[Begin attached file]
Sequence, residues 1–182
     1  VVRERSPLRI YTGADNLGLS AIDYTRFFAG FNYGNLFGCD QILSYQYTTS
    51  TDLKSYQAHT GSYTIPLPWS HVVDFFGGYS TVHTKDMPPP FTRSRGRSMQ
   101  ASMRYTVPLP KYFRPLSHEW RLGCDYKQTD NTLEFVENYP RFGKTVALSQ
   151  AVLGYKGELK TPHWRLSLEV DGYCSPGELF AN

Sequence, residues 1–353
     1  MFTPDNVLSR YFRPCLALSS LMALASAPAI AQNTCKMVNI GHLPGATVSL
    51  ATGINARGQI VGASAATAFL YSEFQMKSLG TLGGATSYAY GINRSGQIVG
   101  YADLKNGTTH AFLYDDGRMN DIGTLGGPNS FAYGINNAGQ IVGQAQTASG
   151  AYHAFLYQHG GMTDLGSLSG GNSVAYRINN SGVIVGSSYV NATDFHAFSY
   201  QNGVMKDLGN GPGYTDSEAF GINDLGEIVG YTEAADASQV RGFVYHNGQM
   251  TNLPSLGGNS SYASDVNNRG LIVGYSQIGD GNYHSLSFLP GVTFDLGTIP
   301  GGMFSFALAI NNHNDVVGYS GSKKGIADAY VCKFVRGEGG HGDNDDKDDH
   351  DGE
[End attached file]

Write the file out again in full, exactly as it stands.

Sequence, residues 1–182
     1  VVRERSPLRI YTGADNLGLS AIDYTRFFAG FNYGNLFGCD QILSYQYTTS
    51  TDLKSYQAHT GSYTIPLPWS HVVDFFGGYS TVHTKDMPPP FTRSRGRSMQ
   101  ASMRYTVPLP KYFRPLSHEW RLGCDYKQTD NTLEFVENYP RFGKTVALSQ
   151  AVLGYKGELK TPHWRLSLEV DGYCSPGELF AN

Sequence, residues 1–353
     1  MFTPDNVLSR YFRPCLALSS LMALASAPAI AQNTCKMVNI GHLPGATVSL
    51  ATGINARGQI VGASAATAFL YSEFQMKSLG TLGGATSYAY GINRSGQIVG
   101  YADLKNGTTH AFLYDDGRMN DIGTLGGPNS FAYGINNAGQ IVGQAQTASG
   151  AYHAFLYQHG GMTDLGSLSG GNSVAYRINN SGVIVGSSYV NATDFHAFSY
   201  QNGVMKDLGN GPGYTDSEAF GINDLGEIVG YTEAADASQV RGFVYHNGQM
   251  TNLPSLGGNS SYASDVNNRG LIVGYSQIGD GNYHSLSFLP GVTFDLGTIP
   301  GGMFSFALAI NNHNDVVGYS GSKKGIADAY VCKFVRGEGG HGDNDDKDDH
   351  DGE